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President Trump’s hotel in Washington is in violation of its lease with the government and could also run afoul of a Constitutional clause meant to thwart foreign influence in politics, according to a watchdog group.
Citizens for Responsibility and Ethics in Washington (CREW) sent a letter about the hotel to the General Services Administration (GSA) immediately after Trump’s swearing in.
The letter urges the agency to terminate Trump's lease on the federally owned hotel building if the new president retains his business interest.
Trump has a trust—the Donald J. Trump Revocable Trust—that holds dozens of assets, including one containing a majority stake in the LLC holding the lease with GSA.
In a press conference earlier this month, Trump’s lawyer said that he would not be divesting from any of his investments, but rather handing over control to his sons. He would also not be given any kind of detailed statements about the performance of any of his companies, instead receiving only broad notifications about overall profits or losses.
“The lease bans elected officials from benefitting to avoid conflicts of interest with their duties,” said CREW Executive Director Noah Bookbinder in a statement.
"We know Trump likes to renegotiate contracts for better deals. If that happened here, it will be the President negotiating against the government he leads. His best interests are not the same as those of the American tax payer,” he said.
Critics have taken issue with Trump’s refusal to divest or place his assets into a blind trust, which would separate him entirely from his business empire.
The Trump International Hotel, located only blocks from the White House and the Capitol, could also violate the emoluments clause of the Constitution that prevents foreign leaders from giving gifts to government officials.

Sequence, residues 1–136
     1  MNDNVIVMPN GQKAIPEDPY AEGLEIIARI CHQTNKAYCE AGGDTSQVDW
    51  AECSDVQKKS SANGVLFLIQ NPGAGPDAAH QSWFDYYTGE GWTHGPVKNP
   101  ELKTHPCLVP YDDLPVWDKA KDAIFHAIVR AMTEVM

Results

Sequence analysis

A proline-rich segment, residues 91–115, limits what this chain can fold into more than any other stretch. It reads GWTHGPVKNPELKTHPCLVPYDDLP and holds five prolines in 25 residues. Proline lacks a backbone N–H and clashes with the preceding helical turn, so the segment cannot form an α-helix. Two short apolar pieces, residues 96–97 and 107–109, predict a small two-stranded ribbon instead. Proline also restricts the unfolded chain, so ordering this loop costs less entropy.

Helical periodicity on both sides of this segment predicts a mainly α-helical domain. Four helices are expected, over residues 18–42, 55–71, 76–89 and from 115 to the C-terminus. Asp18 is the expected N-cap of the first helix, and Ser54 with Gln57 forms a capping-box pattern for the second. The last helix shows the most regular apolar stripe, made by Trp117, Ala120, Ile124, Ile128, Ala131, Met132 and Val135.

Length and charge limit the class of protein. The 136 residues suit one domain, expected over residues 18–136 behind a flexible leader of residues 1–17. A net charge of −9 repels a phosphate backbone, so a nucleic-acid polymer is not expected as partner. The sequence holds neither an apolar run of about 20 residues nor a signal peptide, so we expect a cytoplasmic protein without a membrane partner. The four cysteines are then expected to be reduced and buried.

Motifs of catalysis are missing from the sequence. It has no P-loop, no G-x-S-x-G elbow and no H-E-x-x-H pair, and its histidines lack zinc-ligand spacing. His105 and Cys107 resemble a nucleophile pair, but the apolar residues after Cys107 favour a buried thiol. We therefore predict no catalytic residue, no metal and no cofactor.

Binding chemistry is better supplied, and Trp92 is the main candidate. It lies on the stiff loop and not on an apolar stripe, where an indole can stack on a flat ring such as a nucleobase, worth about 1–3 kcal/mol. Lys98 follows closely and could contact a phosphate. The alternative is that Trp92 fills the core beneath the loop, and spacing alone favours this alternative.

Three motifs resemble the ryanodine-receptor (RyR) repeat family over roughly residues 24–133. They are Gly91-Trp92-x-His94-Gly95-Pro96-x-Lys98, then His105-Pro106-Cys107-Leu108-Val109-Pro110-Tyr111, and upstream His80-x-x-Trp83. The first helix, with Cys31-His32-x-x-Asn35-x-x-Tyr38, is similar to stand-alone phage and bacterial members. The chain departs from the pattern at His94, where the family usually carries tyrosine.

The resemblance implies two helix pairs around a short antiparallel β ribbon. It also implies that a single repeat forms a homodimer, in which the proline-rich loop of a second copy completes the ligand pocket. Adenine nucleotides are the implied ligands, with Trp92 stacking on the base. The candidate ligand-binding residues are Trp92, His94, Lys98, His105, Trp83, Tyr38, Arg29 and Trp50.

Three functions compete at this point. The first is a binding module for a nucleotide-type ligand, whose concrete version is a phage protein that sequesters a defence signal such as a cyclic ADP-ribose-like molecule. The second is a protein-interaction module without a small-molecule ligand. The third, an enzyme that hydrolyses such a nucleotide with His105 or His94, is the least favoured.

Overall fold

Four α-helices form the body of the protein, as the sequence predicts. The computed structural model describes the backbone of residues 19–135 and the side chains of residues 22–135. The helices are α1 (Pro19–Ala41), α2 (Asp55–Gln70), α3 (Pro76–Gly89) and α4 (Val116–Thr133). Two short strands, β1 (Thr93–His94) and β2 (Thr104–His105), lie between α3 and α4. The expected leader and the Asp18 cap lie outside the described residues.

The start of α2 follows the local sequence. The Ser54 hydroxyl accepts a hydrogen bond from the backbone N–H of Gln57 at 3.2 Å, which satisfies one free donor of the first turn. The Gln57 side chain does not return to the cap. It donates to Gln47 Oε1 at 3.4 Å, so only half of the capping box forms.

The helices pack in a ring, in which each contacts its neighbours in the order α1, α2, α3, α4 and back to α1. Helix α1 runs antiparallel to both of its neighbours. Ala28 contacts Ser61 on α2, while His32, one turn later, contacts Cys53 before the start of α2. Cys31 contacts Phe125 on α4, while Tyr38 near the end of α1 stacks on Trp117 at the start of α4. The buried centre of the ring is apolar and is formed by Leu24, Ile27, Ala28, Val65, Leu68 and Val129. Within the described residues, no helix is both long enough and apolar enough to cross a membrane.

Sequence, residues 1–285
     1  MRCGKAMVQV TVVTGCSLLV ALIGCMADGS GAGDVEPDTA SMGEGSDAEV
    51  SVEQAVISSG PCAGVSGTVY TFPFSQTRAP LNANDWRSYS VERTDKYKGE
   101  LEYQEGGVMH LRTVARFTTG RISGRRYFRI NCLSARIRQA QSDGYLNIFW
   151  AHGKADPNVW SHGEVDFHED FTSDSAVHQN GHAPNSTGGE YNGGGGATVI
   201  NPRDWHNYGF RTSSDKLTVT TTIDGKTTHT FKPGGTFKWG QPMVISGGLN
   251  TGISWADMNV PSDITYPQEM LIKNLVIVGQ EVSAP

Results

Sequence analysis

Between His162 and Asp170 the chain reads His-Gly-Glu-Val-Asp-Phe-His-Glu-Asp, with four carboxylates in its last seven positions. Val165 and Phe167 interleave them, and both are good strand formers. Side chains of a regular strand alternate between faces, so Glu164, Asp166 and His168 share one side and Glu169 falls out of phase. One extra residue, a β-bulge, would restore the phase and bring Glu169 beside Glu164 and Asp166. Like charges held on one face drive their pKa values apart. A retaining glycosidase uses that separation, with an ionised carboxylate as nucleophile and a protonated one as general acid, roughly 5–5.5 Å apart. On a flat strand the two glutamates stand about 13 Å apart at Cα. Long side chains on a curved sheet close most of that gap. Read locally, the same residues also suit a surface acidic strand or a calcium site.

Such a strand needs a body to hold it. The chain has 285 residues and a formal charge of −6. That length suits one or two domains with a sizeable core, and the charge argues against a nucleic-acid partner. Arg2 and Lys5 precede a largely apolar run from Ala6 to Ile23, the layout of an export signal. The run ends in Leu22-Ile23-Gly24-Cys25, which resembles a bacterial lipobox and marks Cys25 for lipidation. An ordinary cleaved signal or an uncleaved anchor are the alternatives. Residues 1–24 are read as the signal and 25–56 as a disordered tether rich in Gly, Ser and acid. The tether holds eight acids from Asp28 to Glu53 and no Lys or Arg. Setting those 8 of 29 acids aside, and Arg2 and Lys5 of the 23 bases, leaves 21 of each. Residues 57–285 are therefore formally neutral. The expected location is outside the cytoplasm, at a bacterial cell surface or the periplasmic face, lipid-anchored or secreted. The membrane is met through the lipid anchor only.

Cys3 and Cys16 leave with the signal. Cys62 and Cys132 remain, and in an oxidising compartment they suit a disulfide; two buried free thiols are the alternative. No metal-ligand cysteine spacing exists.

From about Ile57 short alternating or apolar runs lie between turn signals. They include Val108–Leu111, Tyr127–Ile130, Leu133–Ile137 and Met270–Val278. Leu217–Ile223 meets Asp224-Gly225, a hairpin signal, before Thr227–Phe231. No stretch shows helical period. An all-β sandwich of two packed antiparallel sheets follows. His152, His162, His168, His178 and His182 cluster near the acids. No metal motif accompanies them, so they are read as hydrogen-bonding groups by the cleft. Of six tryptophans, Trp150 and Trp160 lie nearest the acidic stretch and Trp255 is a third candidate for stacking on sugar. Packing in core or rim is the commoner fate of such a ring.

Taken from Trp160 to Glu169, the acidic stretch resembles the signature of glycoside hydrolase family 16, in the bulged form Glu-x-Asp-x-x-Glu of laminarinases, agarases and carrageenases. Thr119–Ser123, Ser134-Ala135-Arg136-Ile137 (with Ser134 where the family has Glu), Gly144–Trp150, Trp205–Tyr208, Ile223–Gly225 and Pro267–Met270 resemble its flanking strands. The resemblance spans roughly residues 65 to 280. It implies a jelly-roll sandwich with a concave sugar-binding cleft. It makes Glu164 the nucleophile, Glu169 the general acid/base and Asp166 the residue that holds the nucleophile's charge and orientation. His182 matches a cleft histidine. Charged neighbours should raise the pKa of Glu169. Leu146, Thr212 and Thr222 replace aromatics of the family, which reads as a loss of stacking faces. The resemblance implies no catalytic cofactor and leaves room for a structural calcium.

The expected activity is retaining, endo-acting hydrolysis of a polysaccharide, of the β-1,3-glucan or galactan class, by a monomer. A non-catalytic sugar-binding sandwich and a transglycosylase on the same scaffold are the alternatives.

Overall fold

Following Trump’s victory in the presidential election, foreign diplomats have been renting out space for events at Trump’s hotel. There is a worry that these high-dollar payments could be used to curry favor with the administration.
“He just swore on the Bible to ‘preserve, protect and defend the Constitution of the United States,’ but by continuing to accept payments from foreign governments, he has already failed,” Bookbinder said in the statement, just after Trump took the oath of office.
Trump’s attorney, Sheri Dillon, said in the ethics press conference that the president would give any profits from the hotel originating from a foreign government to the U.S. Treasury.
Ethics experts were not assuaged by the argument, saying that the conflict could still exist if foreign governments see a stay at Trump’s hotel as helping to benefit the government and therefore looked upon favorably by Trump officials.
“We do not yet know just to what extent this violation [of the emoluments clause] goes—because he is the first person elected to the presidency in decades to fail to clear the ethical bar of Richard Nixon and release his tax returns, much of his foreign business has remained secret,” Bookbinder says.
Lawmakers in Congress have introduced a bill that would force presidential candidates to release their tax returns in response to Trump’s refusal to put out his past tax records.
GSA has said it would not make a determination about whether Trump’s presidency is a breach of the lease agreement “until the full circumstances surrounding the president elect’s business arrangements have been finalized and he has assumed office,” CREW’s letter mentions.
“GSA understands that an announcement has been made to change the business structure of the Trump Organization. We are seeking additional information that explains and describes any new organizational structure as it applies to the Old Post Office lease,” the agency said in a release following Trump’s ethics press conference.
“Upon receipt, consistent with our treatment of any contract to which we are a party, we will review this new organizational structure and determine its compliance with all the terms and conditions of the lease,” GSA said.
It did not immediately return an inquiry about whether Trump’s new business structure violates the lease and if it would move to terminate it.